When tuning in to media coverage around property and particularly investment properties, there is a good chance you’ve heard the term ‘negatively geared’. Of course, as balance would have it, there is also another relative concept called ‘positively geared’.
Put simply, negative gearing is where you’ve borrowed money to invest, known as gearing, where the rent paid is less than the ongoing expenses of the property. These expenses include any maintenance, as well as your home loan repayments.
Around 60% of investment properties in Australia are negatively geared. A positively geared investment property is one that generates a surplus, meaning the owner is generating an income from the property.
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Why wouldn’t you positively gear, right? It’s a no brainer?
For starters, positively geared properties are harder to come by and typically found in more regional areas. In most cases you won’t simply be able to hike up the rent charged to a tenant, as they may move out in lieu of something more affordable. As a positively geared property is generating an income, you may also need to pay tax on these earnings.
On the other hand, negatively geared properties may attract an income tax deduction. Either way it’s important to seek tax advice, and before making any decisions, consult with a professional.
A good step to also consider is speaking with a lending specialist. They will guide you on home loan products available, and whether the type of property you’re interested in will end up positively or negatively geared for you from a cashflow point of view.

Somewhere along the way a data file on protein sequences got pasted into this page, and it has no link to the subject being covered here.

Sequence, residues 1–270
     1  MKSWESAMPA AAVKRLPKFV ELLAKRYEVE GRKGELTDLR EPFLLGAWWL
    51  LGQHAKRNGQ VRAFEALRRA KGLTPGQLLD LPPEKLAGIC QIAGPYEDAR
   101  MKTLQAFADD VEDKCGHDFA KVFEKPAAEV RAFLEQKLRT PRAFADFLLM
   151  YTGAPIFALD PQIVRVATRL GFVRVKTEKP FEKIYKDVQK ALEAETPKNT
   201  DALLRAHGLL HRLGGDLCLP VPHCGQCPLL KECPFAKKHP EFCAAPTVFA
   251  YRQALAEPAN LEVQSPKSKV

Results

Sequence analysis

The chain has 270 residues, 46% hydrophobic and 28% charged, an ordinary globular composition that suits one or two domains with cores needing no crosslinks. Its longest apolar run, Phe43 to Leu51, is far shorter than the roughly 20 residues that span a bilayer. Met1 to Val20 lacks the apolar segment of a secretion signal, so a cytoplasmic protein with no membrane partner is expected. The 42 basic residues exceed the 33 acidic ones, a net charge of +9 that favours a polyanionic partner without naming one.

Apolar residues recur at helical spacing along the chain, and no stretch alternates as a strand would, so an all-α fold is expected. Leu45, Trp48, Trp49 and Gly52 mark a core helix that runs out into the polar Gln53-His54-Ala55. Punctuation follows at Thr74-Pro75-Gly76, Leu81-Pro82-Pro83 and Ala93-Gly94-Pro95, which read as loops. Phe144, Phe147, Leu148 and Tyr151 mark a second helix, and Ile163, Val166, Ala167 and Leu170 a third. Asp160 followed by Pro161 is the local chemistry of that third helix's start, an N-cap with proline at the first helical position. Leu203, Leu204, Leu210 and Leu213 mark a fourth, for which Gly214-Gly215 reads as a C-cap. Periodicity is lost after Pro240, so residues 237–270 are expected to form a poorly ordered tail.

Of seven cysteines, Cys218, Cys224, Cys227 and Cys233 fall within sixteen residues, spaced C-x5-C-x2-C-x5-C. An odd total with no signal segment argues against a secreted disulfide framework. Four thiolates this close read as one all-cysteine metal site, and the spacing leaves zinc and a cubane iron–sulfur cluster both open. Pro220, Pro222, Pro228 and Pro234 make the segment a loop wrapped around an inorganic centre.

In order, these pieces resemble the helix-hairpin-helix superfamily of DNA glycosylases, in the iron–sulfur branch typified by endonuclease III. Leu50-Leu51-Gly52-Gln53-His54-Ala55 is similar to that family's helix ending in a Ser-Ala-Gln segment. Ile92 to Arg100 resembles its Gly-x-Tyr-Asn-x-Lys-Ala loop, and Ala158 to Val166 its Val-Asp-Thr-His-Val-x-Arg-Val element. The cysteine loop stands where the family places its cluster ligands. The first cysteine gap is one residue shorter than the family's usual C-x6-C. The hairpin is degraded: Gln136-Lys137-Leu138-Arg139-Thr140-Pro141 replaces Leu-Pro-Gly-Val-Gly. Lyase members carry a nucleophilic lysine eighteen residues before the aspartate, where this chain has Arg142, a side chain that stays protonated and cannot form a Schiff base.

A lending specialist also offers you access to free property and suburb reports to help with your research. These reports provide you with valuable information such as individual property sales and rental data, suburb trends, average price growth, and overall suburb price growth.
Don’t forget that rent isn’t the only factor to consider in owning an investment property. Any increases in property value over several years may also have a financial impact, so it’s important to take all components into account and review any legislative changes or regional differences.
The rapid rebound in rents could see investment participation bottom out in the residential market through 2021, and start to climb. ABS housing finance data suggest the investor share of mortgage finance for the purchase of property through September was just 16.2% in WA, and 11.6% in the NT. These are the lowest rates of investor participation of the states and territories.
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Our lending specialists offer face to face, phone, and web-based chats to answer your questions and help you assess your budget and equity. We also offer free property suburb reports to help with your research. From there we help you reach your investment property goals!
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This article is prepared based on general information. It does not take into account individual financial objectives or needs and is not financial product advice. You should always undertake your own independent property research, and obtain your own financial advice in relation to property investing.